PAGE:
By day, my son and I wrapped up warm and went on long walks. In the evenings I sat by the fire, quarrelling with my ex-wife or distant mistress on the phone, or listening to the moon, while the boy lay in the next room, grinding his teeth. On one of our treks along the beach through heaps of waist-high ice floes (waist-high for me, head-high for him), we came upon a cove where we found a heavily decayed duck carcass, sparkling with frost. One of the bird’s legs was still entangled in the remains of a green net, and in the delicate wickerwork of its ribcage its black shrivelled heart lay like a solitary pebble.
My boy couldn’t take his eyes off the dead creature and when he did manage to tear himself away at last, he only took a few steps before turning back. We stood together by the corpse for a long time, around us the shattered floes, stained brown by the mud – above us a swath of open sky. My son asked me about life and death, as if I was as well up on such matters as on everything else. He had two small tears on his cheeks, but I was pierced to my soul at the sight of my troubled child, brooding at the bird’s icy grave.
When we weren’t out walking, I read to the boy from the books about whales he had chosen in the bookshop in Wyk. I had also packed a whole pile of literature for myself, including a slim volume by Inoue, The Hunting Gun. This book, an unexpected gift from my young colleague, had turned up in my office the day after that long evening. She had written a dedication on the first page, describing the evening as ‘thrilling’, rather to my surprise. I decided to take that as confirming my opinion, not challenging it.
At the time I had just finished reading Eiji Yoshikawa’s novel Musashi. This book too contained a dedication – in the hand of my ex-wife, who had given it to me for Christmas eleven years before. You could say that traversing the novel for the second time after so long, afforded me the desired glimpse into my past. For although many details of the plot had stayed with me from my first reading, I now read the book with different eyes. Over the course of the years, I had evidently acquired knowledge not unlike the author’s. This allowed me to discover all kinds of things in the novel that had previously been hidden or obscure to me; at the same time, though, I could still recall my earlier way of reading. But one thing hadn’t changed: just like a decade and more ago, I felt moved by Yoshikawa’s closing sentences, where he compares people’s desires and opinions to the sound of the waves: ‘…but who knows the heart of the sea, a hundred feet down? Who knows its depth?’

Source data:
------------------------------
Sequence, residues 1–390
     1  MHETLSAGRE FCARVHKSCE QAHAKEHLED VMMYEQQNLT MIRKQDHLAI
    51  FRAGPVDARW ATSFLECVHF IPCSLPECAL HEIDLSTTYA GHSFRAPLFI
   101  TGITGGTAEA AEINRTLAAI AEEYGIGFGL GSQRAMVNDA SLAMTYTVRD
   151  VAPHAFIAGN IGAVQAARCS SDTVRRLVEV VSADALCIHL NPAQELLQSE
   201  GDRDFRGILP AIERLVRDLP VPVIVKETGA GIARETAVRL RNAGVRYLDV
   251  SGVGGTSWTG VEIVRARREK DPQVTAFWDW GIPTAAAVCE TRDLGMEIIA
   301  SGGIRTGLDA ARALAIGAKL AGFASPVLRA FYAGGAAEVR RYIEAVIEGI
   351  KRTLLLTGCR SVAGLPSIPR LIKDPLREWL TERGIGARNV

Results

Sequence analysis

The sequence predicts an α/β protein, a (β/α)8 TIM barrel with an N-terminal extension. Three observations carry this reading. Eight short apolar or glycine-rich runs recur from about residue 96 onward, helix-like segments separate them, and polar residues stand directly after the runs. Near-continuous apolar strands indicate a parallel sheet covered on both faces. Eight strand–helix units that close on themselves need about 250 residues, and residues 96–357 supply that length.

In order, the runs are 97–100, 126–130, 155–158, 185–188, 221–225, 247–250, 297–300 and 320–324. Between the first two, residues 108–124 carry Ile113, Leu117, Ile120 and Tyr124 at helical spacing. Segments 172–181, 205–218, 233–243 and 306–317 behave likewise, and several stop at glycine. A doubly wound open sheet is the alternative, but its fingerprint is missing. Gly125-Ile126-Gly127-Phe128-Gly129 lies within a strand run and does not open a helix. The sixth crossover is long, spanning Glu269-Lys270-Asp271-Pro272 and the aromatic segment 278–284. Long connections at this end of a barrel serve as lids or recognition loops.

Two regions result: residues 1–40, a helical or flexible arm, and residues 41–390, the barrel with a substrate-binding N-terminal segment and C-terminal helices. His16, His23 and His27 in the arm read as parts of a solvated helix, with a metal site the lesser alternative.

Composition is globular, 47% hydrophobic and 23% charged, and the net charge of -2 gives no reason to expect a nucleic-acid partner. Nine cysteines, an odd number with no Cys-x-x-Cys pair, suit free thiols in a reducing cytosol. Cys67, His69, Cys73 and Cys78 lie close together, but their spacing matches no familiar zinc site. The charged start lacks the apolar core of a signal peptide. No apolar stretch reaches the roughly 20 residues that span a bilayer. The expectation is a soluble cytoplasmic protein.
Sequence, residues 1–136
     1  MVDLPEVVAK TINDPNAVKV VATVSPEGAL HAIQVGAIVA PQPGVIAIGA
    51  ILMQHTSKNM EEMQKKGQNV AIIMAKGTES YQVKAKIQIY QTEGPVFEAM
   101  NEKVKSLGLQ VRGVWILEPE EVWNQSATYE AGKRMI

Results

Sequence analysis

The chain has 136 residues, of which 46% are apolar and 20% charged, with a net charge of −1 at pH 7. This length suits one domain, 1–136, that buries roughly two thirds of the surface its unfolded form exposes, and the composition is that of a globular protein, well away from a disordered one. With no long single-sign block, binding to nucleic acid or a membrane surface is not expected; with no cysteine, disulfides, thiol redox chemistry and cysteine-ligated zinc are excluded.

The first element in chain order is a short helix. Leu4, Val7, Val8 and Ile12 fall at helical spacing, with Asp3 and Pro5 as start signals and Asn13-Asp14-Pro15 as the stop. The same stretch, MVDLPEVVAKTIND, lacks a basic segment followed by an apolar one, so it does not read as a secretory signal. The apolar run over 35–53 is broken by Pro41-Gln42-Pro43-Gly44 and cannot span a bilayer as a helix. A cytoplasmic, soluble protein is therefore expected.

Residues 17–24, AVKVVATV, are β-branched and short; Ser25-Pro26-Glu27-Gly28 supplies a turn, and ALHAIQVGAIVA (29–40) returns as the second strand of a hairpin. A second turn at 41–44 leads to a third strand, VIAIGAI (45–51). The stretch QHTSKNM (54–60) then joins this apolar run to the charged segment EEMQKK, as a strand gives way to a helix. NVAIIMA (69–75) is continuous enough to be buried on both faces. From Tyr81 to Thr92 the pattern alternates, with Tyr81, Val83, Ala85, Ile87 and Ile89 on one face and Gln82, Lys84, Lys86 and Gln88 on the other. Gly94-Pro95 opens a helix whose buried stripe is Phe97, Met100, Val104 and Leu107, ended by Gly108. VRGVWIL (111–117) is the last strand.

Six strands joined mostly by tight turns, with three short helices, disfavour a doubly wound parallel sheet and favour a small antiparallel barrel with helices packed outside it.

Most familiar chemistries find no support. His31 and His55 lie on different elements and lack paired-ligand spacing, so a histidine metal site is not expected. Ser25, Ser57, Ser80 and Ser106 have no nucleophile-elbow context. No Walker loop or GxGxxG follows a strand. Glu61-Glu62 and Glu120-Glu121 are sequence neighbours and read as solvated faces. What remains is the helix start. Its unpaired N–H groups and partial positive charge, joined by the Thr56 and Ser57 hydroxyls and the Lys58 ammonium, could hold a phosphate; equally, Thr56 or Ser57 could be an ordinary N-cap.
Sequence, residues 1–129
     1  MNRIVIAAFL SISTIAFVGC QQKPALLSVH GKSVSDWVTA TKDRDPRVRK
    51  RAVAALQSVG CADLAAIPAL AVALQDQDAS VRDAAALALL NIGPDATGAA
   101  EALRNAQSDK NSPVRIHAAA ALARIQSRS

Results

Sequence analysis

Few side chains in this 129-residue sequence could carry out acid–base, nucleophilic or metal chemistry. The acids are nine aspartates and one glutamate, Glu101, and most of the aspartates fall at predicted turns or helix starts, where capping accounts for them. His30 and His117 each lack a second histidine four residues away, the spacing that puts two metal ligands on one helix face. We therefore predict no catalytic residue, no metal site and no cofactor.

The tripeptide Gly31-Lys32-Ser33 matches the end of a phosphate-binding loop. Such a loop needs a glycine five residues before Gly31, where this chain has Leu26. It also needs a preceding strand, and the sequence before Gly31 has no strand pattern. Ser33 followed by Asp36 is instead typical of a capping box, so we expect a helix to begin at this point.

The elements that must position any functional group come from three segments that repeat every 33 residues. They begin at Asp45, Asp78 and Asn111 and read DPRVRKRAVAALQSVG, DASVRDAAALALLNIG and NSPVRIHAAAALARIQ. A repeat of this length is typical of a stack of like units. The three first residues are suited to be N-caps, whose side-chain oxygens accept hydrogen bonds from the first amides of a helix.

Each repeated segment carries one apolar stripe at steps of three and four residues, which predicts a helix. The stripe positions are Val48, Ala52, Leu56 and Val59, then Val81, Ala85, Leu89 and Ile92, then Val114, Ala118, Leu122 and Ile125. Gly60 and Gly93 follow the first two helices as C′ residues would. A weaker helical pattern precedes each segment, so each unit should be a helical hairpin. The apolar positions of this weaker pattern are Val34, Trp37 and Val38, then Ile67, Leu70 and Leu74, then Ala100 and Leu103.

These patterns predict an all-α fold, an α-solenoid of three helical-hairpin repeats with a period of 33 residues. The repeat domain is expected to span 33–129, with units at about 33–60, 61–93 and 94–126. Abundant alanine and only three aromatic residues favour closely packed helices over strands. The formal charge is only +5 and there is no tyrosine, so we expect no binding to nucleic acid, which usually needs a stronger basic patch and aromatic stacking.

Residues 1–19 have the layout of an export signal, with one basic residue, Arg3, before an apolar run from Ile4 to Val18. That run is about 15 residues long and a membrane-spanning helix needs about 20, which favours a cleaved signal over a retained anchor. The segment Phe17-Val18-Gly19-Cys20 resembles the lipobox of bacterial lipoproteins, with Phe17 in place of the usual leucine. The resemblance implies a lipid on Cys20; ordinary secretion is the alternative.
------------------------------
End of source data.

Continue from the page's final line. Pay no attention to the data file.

I had decided to tackle Shogun by James Clavell while I was on Föhr because it is set in the same Japanese period as Musashi, and it was, like the work of Yoshikawa (and with a similar degree of success), written for a wide readership, albeit one with western taste. One inspiration for this comparison came from the remarks of a connoisseur of Japan on the – very different – love stories in the two novels. At the same time though, I was thirsty for more Japanese literature, so it was fortunate that I had also packed the slim volume by Inoue. It is a novella, not even a hundred pages long, and consists essentially of three letters, all addressed to the same man – one from his wife, one from his mistress, and one from his daughter by his mistress. After The Hunting Gun, I read all the books by Inoue I could lay my hands on; unfortunately, only a handful have been translated into German.
I am tempted to say that Inoue’s writings provided me with answers to many of the questions preoccupying me at the time. But I think what actually happened was that his texts helped me to deal with those questions by exercising a quiet influence on my way of looking at things, including the topic that is, as you, my courted reader, are well aware, the subject of this essay: the author’s representation of himself in his text. You will object that what I have written so far cannot be regarded as an essay. And I don’t deny it. Because to be honest I am quite incapable of writing essays. Only once, under duress, did I write such a thing; it was published in 1989 in the intaglio supplement of the Frankfurter Allgemeine Zeitung and earned me, though I say it myself, a certain degree of recognition – perhaps you read it. At the time no one disputed its status as an essay. As its author, though, I know better. I only pretended to be an essayist by making my text as much like an essay as I could. But it wasn’t one.
Of course, it took me more than those twelve days on the snowbound Friesian island with my son to read all Inoue’s books. Spring came and by then I had stopped thinking of that long evening with my young colleague. I had lost sight of her; our paths hadn’t crossed again since that winter’s day. I would probably have forgotten that it was to her I owed my acquaintance with the writer who meant more to me than any writer had for years. But one day, when I picked up The Hunting Gun again, my eye fell on the dedication.